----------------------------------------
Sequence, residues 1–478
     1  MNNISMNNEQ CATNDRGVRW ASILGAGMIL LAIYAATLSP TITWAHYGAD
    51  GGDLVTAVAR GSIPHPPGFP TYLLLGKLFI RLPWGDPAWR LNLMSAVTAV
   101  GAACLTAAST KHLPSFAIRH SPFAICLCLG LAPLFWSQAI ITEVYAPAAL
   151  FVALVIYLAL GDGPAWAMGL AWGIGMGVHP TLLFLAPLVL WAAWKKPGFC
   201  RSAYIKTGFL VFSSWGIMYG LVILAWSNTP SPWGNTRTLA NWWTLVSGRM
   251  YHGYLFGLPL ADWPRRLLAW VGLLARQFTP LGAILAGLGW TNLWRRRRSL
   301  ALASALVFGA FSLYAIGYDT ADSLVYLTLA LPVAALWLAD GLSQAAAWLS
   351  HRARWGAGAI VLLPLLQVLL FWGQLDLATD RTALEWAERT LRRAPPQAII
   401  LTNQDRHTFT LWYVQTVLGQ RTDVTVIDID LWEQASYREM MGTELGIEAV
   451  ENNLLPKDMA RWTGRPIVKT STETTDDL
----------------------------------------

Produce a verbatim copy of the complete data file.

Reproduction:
Sequence, residues 1–478
     1  MNNISMNNEQ CATNDRGVRW ASILGAGMIL LAIYAATLSP TITWAHYGAD
    51  GGDLVTAVAR GSIPHPPGFP TYLLLGKLFI RLPWGDPAWR LNLMSAVTAV
   101  GAACLTAAST KHLPSFAIRH SPFAICLCLG LAPLFWSQAI ITEVYAPAAL
   151  FVALVIYLAL GDGPAWAMGL AWGIGMGVHP TLLFLAPLVL WAAWKKPGFC
   201  RSAYIKTGFL VFSSWGIMYG LVILAWSNTP SPWGNTRTLA NWWTLVSGRM
   251  YHGYLFGLPL ADWPRRLLAW VGLLARQFTP LGAILAGLGW TNLWRRRRSL
   301  ALASALVFGA FSLYAIGYDT ADSLVYLTLA LPVAALWLAD GLSQAAAWLS
   351  HRARWGAGAI VLLPLLQVLL FWGQLDLATD RTALEWAERT LRRAPPQAII
   401  LTNQDRHTFT LWYVQTVLGQ RTDVTVIDID LWEQASYREM MGTELGIEAV
   451  ENNLLPKDMA RWTGRPIVKT STETTDDL